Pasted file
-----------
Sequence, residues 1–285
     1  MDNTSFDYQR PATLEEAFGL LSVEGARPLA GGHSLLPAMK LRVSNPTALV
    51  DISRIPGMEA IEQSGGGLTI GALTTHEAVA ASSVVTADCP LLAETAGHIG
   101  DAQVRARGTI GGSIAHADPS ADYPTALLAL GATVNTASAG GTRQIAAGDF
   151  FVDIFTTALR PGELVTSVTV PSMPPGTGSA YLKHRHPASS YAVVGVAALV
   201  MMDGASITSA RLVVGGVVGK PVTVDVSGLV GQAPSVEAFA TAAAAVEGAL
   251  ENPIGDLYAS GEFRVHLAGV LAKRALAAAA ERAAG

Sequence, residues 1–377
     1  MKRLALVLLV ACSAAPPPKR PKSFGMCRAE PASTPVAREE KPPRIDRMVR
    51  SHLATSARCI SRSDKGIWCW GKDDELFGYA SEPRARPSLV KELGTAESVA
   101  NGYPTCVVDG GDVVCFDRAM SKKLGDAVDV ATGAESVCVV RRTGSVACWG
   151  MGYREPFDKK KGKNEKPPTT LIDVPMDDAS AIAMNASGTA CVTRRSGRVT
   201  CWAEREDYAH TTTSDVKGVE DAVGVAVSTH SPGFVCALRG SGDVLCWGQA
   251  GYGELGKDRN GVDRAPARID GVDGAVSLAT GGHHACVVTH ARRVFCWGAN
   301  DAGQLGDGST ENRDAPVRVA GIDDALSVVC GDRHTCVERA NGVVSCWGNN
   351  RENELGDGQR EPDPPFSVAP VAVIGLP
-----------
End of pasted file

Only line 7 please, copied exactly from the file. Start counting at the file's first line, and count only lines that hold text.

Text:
   251  ENPIGDLYAS GEFRVHLAGV LAKRALAAAA ERAAG